Observers were stunned this week when Minnesota GOP legislative officials urgently warned only Republicans about a serious COVID-19 outbreak in the state Senate. No one said a word to Democratic politicians or staff who shared the same spaces.
The outbreak amid a number of GOP senators and staff appeared to be linked to a Republican senator who tested positive after attending a party caucus earlier this month.
Senate Republican chief of staff Craig Sondag alerted Republicans to the outbreak in a memo Tuesday, and instructed all GOP Senate staffers to work from home, The Star Tribune reported Saturday.
“It is outrageous and completely unacceptable that Senate DFL members were not notified of the recent COVID-19 outbreak among Senate Republicans prior to Thursday’s floor session,” Senate Minority Leader Susan Kent said in a statement. “This lack of transparency is a blatant disregard for the health and safety of others: our DFL and nonpartisan staff, members, and the communities we go home to.”
Gov. Tim Walz (D) issued a statement Saturday saying that anyone who knows about a positive COVID-19 test has a “moral obligation” to inform others who may be at risk.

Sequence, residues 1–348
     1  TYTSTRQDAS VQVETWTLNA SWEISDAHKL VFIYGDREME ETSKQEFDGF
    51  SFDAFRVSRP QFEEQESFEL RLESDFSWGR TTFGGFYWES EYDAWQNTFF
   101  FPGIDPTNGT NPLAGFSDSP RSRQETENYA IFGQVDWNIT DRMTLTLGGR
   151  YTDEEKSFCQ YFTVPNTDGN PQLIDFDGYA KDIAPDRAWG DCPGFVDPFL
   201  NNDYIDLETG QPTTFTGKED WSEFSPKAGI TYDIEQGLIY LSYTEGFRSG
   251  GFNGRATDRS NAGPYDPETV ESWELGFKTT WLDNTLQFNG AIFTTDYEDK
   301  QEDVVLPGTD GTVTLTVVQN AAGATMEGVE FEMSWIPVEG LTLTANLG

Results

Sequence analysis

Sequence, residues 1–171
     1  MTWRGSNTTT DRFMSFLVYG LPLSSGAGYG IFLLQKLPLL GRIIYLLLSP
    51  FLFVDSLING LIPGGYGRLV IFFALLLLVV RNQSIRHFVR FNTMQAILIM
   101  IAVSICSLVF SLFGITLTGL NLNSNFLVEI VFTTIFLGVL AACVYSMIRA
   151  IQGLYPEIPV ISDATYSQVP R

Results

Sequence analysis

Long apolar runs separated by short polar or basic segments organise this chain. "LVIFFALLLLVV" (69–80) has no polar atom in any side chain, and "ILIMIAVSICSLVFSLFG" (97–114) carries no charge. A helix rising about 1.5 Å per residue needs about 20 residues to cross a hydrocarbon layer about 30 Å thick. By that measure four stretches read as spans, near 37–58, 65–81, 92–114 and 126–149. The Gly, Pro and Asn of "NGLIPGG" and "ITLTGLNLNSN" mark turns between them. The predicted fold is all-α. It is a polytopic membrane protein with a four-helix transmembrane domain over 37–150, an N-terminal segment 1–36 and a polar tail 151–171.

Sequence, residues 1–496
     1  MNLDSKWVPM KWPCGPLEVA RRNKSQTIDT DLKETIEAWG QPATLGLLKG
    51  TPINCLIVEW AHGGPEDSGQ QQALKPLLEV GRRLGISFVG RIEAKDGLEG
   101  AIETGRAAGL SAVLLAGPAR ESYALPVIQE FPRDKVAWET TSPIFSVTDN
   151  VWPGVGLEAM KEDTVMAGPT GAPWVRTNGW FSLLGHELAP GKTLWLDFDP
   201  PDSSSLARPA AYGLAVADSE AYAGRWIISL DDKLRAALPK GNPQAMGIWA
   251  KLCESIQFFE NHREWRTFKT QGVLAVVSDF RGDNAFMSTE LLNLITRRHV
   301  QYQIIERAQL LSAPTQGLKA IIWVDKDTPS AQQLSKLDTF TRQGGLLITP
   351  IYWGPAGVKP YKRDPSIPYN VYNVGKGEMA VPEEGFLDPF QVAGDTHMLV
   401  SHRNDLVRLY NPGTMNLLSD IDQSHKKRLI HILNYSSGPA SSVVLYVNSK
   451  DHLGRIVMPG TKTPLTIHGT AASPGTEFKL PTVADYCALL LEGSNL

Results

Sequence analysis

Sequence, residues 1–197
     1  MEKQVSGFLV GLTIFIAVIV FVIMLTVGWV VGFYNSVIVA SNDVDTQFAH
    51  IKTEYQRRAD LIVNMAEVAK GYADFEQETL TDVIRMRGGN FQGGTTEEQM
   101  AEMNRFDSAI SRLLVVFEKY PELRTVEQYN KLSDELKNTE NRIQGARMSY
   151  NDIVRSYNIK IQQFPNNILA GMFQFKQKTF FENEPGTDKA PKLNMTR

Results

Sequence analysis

“As elected officials, we must lead by example. I simply do not understand why Senate Republicans chose only to share that there were positive cases in their caucus with members of their own party before Thursday’s floor session,” he said.
A memo Saturday from Senate Republicans insisted that “the only people in close, prolonged contact with COVID-positive GOP senators were GOP senators and some GOP staff.”
But DFL members have since tested positive for COVID-19.
The memo claimed that the COVID-19 outbreak secrecy was being “misconstrued for political purposes.”
COVID-19 cases are skyrocketing to new records in the state.